MAKING KUNGFU ALIVE
An important advice Grandmaster Ho Fatt Nam gave to Grandmaster Wong was that kungfu was alive. The combat sequence illustrated in this video series is a manifestation of this advice.
If you have wondered where the pattern you employ to intercept an opponent's swinging fist, comes from, it is from Solo Sequence 2. Indeed the whole of Combat Sequence 2 is a direct unfolding of Solo Sequence 2 except that you hold your left hand in transition before bringing it back to your waist, and turn your body to align with the opponent as you hang your other fist and kick with your right leg.
As your opppenent swings up a fist, you intercept it with your bent arm and simultaneously execute a thrust punch, which strikes the opponent at the time when the opponent thinks he has made a hit!
How Combat Sequence 2 is derived from the Solo Sequence 2 is demmostrated. In the solo sequence the left hand is brought back to the waist as the right fist is punched out. In the combat sequence it stops in transition to form the bent arm block.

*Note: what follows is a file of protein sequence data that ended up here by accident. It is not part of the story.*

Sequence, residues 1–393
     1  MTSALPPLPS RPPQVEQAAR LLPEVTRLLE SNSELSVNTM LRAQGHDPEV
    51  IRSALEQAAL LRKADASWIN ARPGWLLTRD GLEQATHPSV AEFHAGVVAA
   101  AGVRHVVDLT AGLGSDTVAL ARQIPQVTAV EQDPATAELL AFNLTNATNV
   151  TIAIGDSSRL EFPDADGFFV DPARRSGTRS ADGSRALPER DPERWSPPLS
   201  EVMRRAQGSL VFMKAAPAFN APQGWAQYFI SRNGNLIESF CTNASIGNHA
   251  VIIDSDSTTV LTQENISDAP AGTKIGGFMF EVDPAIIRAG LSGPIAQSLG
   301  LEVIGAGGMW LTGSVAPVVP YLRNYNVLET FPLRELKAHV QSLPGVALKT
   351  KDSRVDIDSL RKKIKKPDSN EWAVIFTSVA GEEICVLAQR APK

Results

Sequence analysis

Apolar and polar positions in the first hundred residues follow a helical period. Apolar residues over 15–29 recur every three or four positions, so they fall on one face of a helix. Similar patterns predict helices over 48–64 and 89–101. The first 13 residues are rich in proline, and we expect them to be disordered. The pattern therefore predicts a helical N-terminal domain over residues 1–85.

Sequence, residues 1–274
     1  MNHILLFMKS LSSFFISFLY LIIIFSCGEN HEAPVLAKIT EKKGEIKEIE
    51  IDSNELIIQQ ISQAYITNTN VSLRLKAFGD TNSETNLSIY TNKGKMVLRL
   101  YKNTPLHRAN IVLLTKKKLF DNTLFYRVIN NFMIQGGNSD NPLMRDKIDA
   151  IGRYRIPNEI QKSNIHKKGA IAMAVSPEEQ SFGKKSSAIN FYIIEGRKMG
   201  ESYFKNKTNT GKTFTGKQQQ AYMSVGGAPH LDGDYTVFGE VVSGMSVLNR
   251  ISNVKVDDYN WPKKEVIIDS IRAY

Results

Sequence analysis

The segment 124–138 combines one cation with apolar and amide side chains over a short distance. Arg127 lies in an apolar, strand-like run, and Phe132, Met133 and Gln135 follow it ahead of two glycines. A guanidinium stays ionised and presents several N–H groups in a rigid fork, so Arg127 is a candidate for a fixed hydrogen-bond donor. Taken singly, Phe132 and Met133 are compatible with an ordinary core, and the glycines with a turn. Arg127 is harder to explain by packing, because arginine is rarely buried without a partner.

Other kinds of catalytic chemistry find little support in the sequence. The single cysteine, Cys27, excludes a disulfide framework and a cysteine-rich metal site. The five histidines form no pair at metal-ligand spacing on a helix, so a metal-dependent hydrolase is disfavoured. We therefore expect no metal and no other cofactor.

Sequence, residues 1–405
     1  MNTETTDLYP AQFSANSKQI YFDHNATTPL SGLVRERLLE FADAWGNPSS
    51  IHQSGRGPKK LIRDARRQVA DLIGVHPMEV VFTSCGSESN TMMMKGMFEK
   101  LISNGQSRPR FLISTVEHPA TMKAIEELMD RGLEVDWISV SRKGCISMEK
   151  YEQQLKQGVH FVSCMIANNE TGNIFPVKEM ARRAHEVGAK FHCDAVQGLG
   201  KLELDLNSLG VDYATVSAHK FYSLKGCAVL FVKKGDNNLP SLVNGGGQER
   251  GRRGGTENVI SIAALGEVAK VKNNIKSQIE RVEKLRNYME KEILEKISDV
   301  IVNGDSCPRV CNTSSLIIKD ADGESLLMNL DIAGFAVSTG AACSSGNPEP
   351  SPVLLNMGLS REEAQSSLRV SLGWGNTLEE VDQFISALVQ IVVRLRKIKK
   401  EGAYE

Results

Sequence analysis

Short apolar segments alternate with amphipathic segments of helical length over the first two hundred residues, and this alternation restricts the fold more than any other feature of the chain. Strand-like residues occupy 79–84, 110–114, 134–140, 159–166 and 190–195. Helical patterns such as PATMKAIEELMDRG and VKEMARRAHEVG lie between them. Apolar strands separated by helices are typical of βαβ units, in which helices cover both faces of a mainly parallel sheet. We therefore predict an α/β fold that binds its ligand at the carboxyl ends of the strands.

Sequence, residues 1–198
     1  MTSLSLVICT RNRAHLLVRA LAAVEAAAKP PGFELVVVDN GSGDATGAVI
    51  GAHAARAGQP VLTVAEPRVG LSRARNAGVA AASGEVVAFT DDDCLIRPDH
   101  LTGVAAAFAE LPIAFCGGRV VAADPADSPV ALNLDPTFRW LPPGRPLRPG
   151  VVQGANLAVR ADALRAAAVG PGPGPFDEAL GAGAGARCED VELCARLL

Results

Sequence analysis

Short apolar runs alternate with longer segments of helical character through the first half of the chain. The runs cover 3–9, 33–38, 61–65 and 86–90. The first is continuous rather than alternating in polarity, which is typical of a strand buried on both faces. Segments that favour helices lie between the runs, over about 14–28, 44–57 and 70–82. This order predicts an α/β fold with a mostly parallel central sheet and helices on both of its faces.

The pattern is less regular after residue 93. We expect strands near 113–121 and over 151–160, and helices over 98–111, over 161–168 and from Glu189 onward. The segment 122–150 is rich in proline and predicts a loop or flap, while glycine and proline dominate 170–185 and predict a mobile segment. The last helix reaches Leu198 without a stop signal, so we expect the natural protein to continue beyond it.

You should adjust the bent-arm block according to the height of the attack. This pattern is known as “Old Elephant Drops Tusk”.
As your opponent applies "Elephant Drops Tusk", you sink back to a Horse-Riding Stance, brush of the strike and counter-strike with your hand, using a pattern known as "White Horse Returns Head".
What would you do if your opponent grips your hand and simultaneously strikes you? You could not move back easily as he is pulling you. One effective counter is to move diagonally forward with the pattern “Rising Dragon Jumping Tiger”. The circulating movement of your hand will release his grip, and you strike his head and kick at his groin at the same time.
How would you defend against a double attack, one on your head and the other at your groin. Move a step back and strike the kicking leg using the pattern “Striking Tiger Poise”. Your moving back will avoid both his top and bottom attack. This concludes Combat Sequence 2.
Participants practice the combat sequence they have just learnt. In the foreground are Sifu Gordon and Joe. Why are they performing slowly and not using force? It is because the main aim of this practice is to familiarize themselves with the sequence. Speed and force can come later.
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